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🗽 Good Giving Tuesday morning from New York.

1 big thing: Look for more car factories to close

Illustration: Sarah Grillo/Axios

GM is laying off 14,300 employees. It's shuttering five factories in the U.S. and Canada, and says that two more closings will be announced internationally. By next year, it will no longer make the Buick LaCrosse, the Chevrolet Impala, or the Cadillac CT6 sedan. It's even killing the Chevy Volt plug-in hybrid.

  • Welcome to the modern car industry, which is full of bad news, report Axios' Felix Salmon in New York and Joann Muller in Detroit.

The big picture: All the top-selling sedans in America — the Toyota Camry, Honda Civic, Honda Accord, Toyota Corolla, Nissan Altima, and Nissan Sentra — are Japanese.

  • Why it matters: American carmakers can't compete, and are giving up that segment of the market. Instead they're concentrating on trucks, SUVs, and crossovers, which have higher profit margins and growing demand.

What's next? Almost certainly, even more job losses.

  • Car factories are at their most efficient when they run at full capacity. Right now America is capable of producing many more vehicles than there's demand for — roughly 3.2 million vehicles per year, according to Kristin Dziczek, vice president of industry, labor and economics at the Center for Automotive Research. (GM accounts for about 1 million of that.)
  • The logic of efficiency means that yet more factories are likely to close.

President Trump's trade war and steel tariffs are costing the industry billions, including roughly $700 million in higher steel prices at GM alone. Very few big automakers have avoided problems:

  • Ford has already announced that it is effectively getting out of the car business. By 2020, it will no longer sell the Fiesta, Taurus, Fusion or Focus in North America. Only the Mustang will remain, along with a crossover called the Focus Active.
  • Tesla CEO Elon Musk told "Axios on HBO" that the entire company was "within single-digit weeks" of death — in need of layoffs or new financing — earlier this year.
  • Nissan CEO Carlos Ghosn, after trying to push through a merger with France's Renault that neither company really wanted, is now sitting in a Japanese jail. A Nissan whistleblower told Japanese authorities that Ghosn was being paid tens of millions of dollars in undeclared income. (Wall Street Journal editorial: "The Ghosn Inquisition")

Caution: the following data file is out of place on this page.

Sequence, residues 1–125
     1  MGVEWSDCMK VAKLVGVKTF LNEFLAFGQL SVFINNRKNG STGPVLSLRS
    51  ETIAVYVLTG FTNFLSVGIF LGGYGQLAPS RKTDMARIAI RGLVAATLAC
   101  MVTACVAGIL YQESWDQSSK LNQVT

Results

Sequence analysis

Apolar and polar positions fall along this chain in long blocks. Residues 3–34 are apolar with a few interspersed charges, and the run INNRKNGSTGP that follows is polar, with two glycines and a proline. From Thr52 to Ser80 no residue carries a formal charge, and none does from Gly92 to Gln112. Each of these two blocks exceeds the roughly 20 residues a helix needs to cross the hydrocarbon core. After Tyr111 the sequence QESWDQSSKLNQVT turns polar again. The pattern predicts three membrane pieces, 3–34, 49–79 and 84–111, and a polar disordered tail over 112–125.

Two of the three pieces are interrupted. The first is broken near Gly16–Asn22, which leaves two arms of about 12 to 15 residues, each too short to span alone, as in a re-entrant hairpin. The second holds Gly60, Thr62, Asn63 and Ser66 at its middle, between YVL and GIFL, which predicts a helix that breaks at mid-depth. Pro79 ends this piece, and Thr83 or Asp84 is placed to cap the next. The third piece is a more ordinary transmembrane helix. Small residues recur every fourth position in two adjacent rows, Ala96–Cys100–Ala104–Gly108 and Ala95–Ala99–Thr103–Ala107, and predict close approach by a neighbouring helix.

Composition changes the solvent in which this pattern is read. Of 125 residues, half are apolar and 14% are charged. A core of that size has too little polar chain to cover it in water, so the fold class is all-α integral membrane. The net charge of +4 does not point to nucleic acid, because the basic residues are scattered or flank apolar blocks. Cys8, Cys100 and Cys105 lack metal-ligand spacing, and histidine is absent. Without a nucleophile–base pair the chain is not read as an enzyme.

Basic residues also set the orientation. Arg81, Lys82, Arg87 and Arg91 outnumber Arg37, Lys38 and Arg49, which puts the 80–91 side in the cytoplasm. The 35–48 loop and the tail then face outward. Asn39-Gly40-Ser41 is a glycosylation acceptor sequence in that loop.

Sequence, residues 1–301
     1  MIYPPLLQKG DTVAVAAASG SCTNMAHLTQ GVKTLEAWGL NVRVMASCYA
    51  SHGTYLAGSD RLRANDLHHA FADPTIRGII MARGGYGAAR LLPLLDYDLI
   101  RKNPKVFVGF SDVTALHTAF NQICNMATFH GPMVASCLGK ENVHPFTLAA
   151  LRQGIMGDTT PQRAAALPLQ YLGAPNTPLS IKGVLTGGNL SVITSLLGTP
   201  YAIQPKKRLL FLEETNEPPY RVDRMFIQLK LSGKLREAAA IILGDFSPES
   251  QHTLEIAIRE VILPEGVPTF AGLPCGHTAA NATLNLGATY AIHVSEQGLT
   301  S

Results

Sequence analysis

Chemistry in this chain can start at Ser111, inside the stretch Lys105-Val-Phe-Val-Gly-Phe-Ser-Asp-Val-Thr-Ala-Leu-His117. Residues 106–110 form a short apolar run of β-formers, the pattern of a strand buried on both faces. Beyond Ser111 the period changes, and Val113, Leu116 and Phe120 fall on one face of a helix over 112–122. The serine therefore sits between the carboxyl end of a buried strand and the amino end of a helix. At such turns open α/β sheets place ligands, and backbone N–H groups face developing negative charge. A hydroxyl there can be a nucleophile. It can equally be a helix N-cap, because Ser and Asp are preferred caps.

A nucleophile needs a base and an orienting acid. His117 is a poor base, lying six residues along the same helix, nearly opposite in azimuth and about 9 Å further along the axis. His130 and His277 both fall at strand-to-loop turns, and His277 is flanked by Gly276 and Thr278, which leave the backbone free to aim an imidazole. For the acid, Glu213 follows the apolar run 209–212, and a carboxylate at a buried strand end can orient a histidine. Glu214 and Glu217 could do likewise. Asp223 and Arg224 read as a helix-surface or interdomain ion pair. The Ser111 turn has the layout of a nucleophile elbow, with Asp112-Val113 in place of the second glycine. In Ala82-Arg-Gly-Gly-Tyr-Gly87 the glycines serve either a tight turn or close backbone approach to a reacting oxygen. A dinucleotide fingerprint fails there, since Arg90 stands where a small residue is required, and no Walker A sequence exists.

• Fiat Chrysler is struggling after the death of its charismatic leader, Sergio Marchionne, who never achieved his longstanding dream of merging with GM.
  • Volkswagen, which has also seen a senior executive arrested, has set aside $30 billion to cover costs associated with its Dieselgate scandal.

What to watch: The future of car-making might be grim, but stock market investors are excited about self-driving cars and mobility as a service.

  • That market logic is putting pressure on carmakers to pour billions into R&D. It's also driving strategic investments in everything from AI to electric scooters.
  • The result: A major secular employment shift away from unionized factory workers and Detroit middle-management lifers. Expect the United Auto Workers, still GM's largest shareholder with a $3.6 billion stake in the company, to remain extremely unhappy for the foreseeable future.

How it's playing ... Financial Times front page, "GM deals blow to Trump heartland" (subscription).

2. Misinformation bots are smarter than we thought

Illustration: Aïda Amer/Axios

Bots spreading misinformation are using more sophisticated techniques, like going after specific human influencers and targeting misleading information within the first few seconds of it being posted, Axios' Sara Fischer reports.

  • Why it matters: New studies suggest that bots are getting more adept at gaming social platforms, even as the platforms are making changes to weed them out. Bots are also getting better at avoiding detection.
  • Be smart: This is the future Elon Musk warned us about Sunday on "Axios on HBO."

After the 2016 election, researchers tried to understand the role bots played in spreading misinformation. What they found is that bots have been steps ahead of gaming the web for some time — in particular, social platforms like Twitter and Facebook — using a few key tactics:

  1. Focus on speed: The spread of low-credibility content by social bots happens very quickly, according to a new study from Indiana University published in Nature Magazine.
  2. Using specific targets: Bots increase exposure to negative and inflammatory content on social media in part by targeting specific people, according to a new study from the Proceedings of the National Academy of Sciences (PNAS).
  3. Elevating human content: Bots aim to exploit human-generated content, because it is more prone to polarization, according to the PNAS study.
  4. Targeting original posts, not replies: Bots spread low-credibility content that is created through an initial tweet or posting, according to the Nature study.